Kim invites Putin to North Korea as he continues Russia visit


North Korean leader Kim Jong Un invited Russian President Vladimir Putin to his country during their talks in Russia, state media reported on Thursday, with Kim expected to continue his trip with visits to military production facilities.

Putin accepted the invitation, state news agency KCNA said, without mentioning when a visit might take place.

Kim told Putin the meeting in Russia's Far East brought bilateral ties to a new level, and expressed his willingness to foster stable, future-oriented relations for the next 100 years, KCNA said.

The invitation from Kim for Putin to visit the North came at the end of a reception hosted by the Russian president after they toured the Vostochny Cosmodrome space centre and held talks on bilateral ties and boosting cooperation, KCNA said.

"At the end of the reception, Kim Jong Un courteously invited Putin to visit the DPRK at a convenient time," KCNA said, referring to the Democratic People's Republic of Korea, North Korea's formal name.

"Putin accepted the invitation with pleasure and reaffirmed his will to invariably carry forward the history and tradition of the Russia-DPRK friendship," it said.

On Wednesday, Kremlin spokesman Dmitry Peskov had said there was no plan for Putin to visit Pyongyang.

The two leaders agreed to further strengthen strategic and tactical cooperation in the face of the "military threats, provocations and tyranny of imperialists," KCNA said.

Kim was briefed on technical details of Russian space vehicles during his visit to the cosmodrome, but there was no mention of any arms supplies, trade of weapons or technical assistance over weapons programmes.

After the reception, Kim "left for his next destination," KCNA said, without elaborating. Kim had arrived in the Russian Far East early on Tuesday by special train and continued north for the summit with Putin at the cosmodrome.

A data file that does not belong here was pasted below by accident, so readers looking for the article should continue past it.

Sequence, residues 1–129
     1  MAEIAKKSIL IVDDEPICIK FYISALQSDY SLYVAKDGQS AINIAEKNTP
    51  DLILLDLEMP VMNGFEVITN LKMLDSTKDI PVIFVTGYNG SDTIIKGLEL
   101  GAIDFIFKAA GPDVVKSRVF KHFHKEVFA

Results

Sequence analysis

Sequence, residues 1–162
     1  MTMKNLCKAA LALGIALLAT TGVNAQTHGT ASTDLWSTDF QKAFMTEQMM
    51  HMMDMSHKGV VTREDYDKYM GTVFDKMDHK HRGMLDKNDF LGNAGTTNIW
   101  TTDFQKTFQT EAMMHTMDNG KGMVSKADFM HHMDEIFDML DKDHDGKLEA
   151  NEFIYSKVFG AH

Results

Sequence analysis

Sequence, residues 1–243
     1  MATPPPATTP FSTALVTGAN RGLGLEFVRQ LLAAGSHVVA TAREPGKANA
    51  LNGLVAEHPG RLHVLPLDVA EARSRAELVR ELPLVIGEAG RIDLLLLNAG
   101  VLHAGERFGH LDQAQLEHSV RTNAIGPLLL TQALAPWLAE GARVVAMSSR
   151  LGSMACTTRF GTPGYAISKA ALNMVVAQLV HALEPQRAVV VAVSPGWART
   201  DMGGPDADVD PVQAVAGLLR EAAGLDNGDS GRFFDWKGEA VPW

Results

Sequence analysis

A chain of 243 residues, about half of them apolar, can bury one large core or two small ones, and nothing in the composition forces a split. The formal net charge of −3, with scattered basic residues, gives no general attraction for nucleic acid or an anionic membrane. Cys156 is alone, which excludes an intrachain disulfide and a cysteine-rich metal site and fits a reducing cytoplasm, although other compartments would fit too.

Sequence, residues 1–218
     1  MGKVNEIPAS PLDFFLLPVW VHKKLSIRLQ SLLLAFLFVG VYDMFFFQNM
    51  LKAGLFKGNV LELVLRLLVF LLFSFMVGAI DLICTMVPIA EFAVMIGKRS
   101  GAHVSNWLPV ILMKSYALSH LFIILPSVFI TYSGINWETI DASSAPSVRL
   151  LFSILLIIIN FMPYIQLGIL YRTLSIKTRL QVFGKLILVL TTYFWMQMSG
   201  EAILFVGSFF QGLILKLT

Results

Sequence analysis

US and South Korean officials have expressed concern that Kim could provide weapons and ammunition to Russia, which has expended vast stocks in more than 18 months of war in Ukraine. Moscow and Pyongyang have denied such intentions.

The US State Department said the Biden administration "won't hesitate" to impose additional sanctions on Russia and North Korea if they conclude any new arms deals.

It was "troubling" that Russia is talking about cooperation with North Korea on programmes that potentially would violate UN Security Council resolution, State Department spokesman Matthew Miller said after the summit.

South Korea's unification minister, Kim Young-ho, who is in charge of relations with the North, expressed "deep concerns" over military cooperation and possible arms transactions between Pyongyang and Moscow, saying the two countries were apparently continuing to pursue "some kind of" a military deal.

"We once again urge Russia and North Korea to halt illicit acts that cause their isolation and regression, and follow international rules including the Security Council resolutions," the minister told reporters.

On Wednesday, Putin gave numerous hints that military cooperation was discussed but disclosed few details. Defence Minister Sergei Shoigu attended the talks. The Kremlin said sensitive discussions between neighbours were a private matter.

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